The Essence of Wrappers And Components

(click thumbnail)Fig. 1: The content model composed of content packages is made up of content items, which contain content elements made up of essence components.The material interchange of moving media can be accomplished by different means. A tape or disc may be used as a physical transport, with its content comprised of essence in the form of a compressed file, a contiguous interleaved video sequence (i.e., a videotape), or a string of individual files (i.e., JPEG images) that when ordered properly for reproduction, make up a video clip.

Just as common in today’s networking environment are file and stream transfers. In terms of workflow, incoming streams are often captured by a recording medium and turned into a set of files, which are then converted back into a stream for transmission or distribution. It is the structure of the files and the streams themselves that lead to the interoperability issues that have instigated, in part, the development of the Material eXchange Format, or MXF.

Understanding why MXF is what it is requires knowing the concepts of wrappers and content packages, items and elements. In the simplest of terms, a wrapper is like an envelope—somewhat closely aligned to a packet in the IT-sense, but that’s where the similarity ends. A wrapper must have organization characteristics. It needs to convey, and link essence and its associated metadata.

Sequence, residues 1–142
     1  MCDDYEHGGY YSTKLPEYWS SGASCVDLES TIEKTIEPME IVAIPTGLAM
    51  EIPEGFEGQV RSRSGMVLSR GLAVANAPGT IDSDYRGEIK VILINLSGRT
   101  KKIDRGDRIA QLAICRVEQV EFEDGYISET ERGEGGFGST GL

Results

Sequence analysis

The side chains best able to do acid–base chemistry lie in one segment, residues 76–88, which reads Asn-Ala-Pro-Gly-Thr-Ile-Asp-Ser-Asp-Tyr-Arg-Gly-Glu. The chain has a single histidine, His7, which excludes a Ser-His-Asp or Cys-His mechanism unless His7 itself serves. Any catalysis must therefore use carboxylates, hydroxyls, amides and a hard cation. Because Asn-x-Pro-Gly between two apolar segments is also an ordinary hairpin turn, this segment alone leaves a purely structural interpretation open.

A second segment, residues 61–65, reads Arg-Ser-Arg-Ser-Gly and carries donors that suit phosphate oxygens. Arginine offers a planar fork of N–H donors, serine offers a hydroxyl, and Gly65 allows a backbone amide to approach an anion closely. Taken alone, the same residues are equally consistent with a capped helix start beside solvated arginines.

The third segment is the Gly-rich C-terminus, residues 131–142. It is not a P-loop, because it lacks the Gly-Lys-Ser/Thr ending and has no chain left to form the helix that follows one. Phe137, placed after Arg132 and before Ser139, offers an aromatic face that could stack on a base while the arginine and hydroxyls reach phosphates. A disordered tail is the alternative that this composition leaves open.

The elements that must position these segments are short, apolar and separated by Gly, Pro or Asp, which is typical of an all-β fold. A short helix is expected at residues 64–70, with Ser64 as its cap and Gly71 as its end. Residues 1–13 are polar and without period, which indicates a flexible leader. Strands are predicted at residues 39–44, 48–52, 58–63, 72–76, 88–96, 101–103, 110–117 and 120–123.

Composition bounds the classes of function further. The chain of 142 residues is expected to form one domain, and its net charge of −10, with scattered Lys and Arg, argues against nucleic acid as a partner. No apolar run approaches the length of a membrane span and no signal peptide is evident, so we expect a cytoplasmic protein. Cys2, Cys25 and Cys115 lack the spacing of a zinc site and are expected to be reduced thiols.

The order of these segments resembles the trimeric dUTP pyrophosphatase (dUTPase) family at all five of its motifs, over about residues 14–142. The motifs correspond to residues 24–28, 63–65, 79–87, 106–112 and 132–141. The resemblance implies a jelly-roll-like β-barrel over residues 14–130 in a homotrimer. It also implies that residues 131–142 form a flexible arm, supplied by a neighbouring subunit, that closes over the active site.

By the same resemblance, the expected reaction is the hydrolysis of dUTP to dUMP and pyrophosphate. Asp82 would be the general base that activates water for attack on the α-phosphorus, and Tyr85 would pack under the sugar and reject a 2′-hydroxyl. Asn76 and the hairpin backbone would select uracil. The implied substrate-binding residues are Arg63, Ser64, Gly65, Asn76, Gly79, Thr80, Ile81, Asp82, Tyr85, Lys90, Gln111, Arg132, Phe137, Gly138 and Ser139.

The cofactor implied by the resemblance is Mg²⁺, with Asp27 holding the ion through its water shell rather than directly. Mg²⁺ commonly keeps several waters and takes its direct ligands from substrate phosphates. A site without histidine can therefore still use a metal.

Before climbing under the hood of MXF, first recall that essence components may be video, audio or other data. The organization of all these essence components is supported at its highest level by the wrapper. In the content model, content is comprised of content packages, which are a collection of content items.

Content items are made up of content elements, each of which contains a grouping of similar element types of essence. Note that each set of essence components needs some vital metadata—the bits that describe the essence type, as a recordkeeper of what the structure is inside the content element.

MXF employs a generic container, a slightly different twist on the content model that defines frame-interleaved content comprised of system items, picture items, sound items, data items and compound items.

The twist allowed the inclusion of multimedia-related items, mitigating the need to differentiate between moving elements (video), audible sound elements (synthesized audio or MIDI), and generally static elements (still graphics or text) as well as data items (teletext or closed-caption files). So the MXF concept broadened the coverage immensely, taking a step well outside the confines of other content package specifications, most notably, SDTI-CP (SMPTE 326M).